Canon PowerShot SX130 IS Review
Mac users, we're pleased to announce Macphun's all-in-one photo editor Luminar is now available for just $69£52 with special Valentine Day bonuses (two eBooks, Vivid Wonderland preset pack, & Creative Sky Overlay pack) included for free until February 19. Use coupon code "PHOTOBLOG" to save another $10 on Luminar.
We rated Luminar as "Highly Recommended". Visit the Luminar web site to try it for free.
The Canon PowerShot SX130 IS is a new 12 megapixel digital camera featuring a 12x zoom lens complete with optical image stabilizer. Successor to last year’s SX120 model, the Canon SX130 IS offers a more versatile focal range of 28-336mm, 3 inch LCD screen, DIGIC 4 image processor, and Face Detection complete with Face Select & Track and Face Self-Timer modes. The SX130 IS has 28 shooting modes including Smart Auto and Easy Mode for complete beginners and full manual control for more experienced photographers. A high ISO setting of 1600, 720p HD movies with stereo sound, SDXC memory card support and power in the form of readily available AA batteries complete the SX130’s headline specifications. The Canon Powershot SX130 IS is priced at £199 / $249.99 / €229.00 and is available now in black or silver.
Ease of Use
We reviewed the SX130's predecessor, the 10-megapixel, 10x zoom SX120 IS, in October 2009, and outwardly at least very little appears to have changed at first glance, apart from some subtle styling differences. There's the same tactile control layout with reasonably large buttons and dials to intentionally keep things family friendly, plus an identical 3 inch LCD screen on the rear, pop-up flash on top and large lens on the front. The lens is actually one of the few aspects of the SX130 IS to undergo any change, now offering a 12x zoom with a much more versatile wide-angle setting of 28mm, a big improvement on the SX120's 36mm optic. Less pleasing are the maximum apertures of f/3.4-5.6, respectable enough but slower then on the SX120.
Though like its forebear the SX130 IS is chunky compared with the average point and shoot, it is still smaller than the typical super-zoom or bridge camera pitched at enthusiasts, although the likes of the Panasonic DMC-TZ10 and Samsung WB650 are actually smaller whilst offering a bigger zoom. There are no higher-end features here such as a hotshoe for additional flash - merely one of the pop-up variety - while power is again provided by two standard alkaline AA batteries that slot into the base of the handgrip, as do the SD, SDHC and newly-supported SDXC memory cards. While these features are indicative of a budget model, so too is the mainly plastic build, though it's handily disguised by a matt black finish. Those two AAs also add weight and, as we found with the SX120, generally the camera feels substantial when gripped in the palm.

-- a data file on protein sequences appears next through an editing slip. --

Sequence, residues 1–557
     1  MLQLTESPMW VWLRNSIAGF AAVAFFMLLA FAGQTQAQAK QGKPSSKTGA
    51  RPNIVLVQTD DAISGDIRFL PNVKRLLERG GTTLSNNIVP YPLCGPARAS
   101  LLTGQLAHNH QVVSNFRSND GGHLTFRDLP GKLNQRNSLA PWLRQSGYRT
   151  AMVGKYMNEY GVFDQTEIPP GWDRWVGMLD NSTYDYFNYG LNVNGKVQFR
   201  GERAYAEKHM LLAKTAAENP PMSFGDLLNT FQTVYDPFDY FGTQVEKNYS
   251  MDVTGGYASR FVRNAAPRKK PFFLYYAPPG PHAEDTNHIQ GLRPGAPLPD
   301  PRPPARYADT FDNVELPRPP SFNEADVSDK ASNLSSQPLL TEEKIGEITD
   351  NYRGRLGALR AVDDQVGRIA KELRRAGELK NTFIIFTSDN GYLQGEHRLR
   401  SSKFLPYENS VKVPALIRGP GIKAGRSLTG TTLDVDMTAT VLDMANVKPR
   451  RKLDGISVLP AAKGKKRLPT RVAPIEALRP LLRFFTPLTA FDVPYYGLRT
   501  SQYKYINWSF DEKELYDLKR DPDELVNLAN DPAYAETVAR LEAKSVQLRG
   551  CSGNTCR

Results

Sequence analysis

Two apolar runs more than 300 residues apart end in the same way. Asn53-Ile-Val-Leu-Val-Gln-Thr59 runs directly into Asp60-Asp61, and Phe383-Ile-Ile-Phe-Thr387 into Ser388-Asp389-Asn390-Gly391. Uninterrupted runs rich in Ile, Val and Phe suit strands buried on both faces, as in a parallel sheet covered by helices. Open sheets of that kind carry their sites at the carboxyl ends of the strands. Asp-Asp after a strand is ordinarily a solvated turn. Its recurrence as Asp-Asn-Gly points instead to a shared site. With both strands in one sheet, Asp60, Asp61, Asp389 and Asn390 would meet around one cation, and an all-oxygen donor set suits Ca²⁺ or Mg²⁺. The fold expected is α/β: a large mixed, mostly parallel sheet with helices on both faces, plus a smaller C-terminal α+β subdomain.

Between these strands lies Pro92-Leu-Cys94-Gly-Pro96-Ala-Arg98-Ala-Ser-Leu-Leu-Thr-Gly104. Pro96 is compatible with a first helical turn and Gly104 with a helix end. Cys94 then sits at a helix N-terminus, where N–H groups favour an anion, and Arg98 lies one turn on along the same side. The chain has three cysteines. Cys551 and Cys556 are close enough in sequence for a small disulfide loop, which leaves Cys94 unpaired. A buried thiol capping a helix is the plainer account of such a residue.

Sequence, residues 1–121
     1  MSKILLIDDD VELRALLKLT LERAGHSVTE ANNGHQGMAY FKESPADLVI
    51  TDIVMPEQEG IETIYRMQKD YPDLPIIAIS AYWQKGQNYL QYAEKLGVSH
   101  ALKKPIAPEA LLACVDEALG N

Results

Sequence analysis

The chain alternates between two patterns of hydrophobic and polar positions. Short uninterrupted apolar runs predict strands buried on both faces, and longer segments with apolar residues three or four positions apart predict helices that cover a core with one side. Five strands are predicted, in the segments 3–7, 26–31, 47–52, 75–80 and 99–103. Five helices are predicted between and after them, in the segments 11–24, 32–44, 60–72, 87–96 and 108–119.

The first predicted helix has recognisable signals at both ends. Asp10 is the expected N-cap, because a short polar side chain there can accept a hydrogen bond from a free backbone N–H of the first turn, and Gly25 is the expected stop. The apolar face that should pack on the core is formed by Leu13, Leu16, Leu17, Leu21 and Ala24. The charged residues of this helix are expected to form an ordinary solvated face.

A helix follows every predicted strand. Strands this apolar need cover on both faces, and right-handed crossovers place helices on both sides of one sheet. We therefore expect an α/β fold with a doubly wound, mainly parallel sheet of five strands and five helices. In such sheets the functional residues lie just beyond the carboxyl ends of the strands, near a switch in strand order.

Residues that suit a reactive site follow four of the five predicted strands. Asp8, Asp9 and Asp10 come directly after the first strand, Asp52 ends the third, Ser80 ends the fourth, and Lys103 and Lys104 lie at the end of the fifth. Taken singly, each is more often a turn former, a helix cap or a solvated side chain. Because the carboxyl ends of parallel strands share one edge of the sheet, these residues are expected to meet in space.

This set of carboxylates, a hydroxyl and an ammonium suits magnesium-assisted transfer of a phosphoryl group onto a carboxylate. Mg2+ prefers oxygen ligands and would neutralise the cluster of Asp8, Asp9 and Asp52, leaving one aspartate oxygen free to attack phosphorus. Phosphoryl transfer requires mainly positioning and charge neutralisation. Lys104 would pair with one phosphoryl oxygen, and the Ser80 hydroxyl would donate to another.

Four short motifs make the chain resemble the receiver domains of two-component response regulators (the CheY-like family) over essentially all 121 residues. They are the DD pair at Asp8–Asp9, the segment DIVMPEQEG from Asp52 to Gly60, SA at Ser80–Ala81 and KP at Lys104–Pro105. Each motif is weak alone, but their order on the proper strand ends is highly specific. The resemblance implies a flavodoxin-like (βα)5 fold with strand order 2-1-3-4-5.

The front of the SX130 IS is dominated by that behemoth of a lens, the majority of which is hidden flush to the body when not in use, rapidly extending (in a couple of seconds) to maximum wideangle with a press of the slightly recessed but clearly labeled on/off button up top. On initial inspection the front of the SX130 and SX120 are identical, but look more closely and you'll see that the handgrip on the left now extends at a jaunty angle and tapers from wide to narrow, a redesign that offers more of a visual differentiation rather than any practical improvement. There's also a slightly more pronounced hump above the lens where the flash unit is, and slightly more chiselled edges. Two small holes indicate the built-in stereo microphone nestling top left and right of the lens, and over to the right-hand side of the lens we find the same rounded window housing the AF assist/self-timer lamp as found on the earlier SX120.
While the above changes are largely cosmetic, when it comes to more practical considerations there's a more important omission. As on its predecessor there's no optical viewfinder or EVF - the space instead occupied by the built-in flash. Continuing around the slight curve of the handgrip we find a loop for attaching the supplied wrist strap and a sturdy pull-open plastic cover for the AV out, DC in and USB ports. On the right hand side of the SX130 IS is the same CR1220 battery port as featured on its predecessor.
The top of the SX130 is likewise virtually identical to its predecessor. The SX130 has the exact same user-friendly control grouping as the SX120, namely a shooting mode wheel, on/off button and shutter release button encircled by a zoom lever. The mode dial is almost flush with the top of the body, although fortunately the dial itself has enough of a ridged surround to be able to turn it decisively with your thumb, and there's a cutaway portion at the camera back to allow access. It has a stiff action with a distinct click, so you're highly unlikely to shoot past the setting you want in the heat of the moment.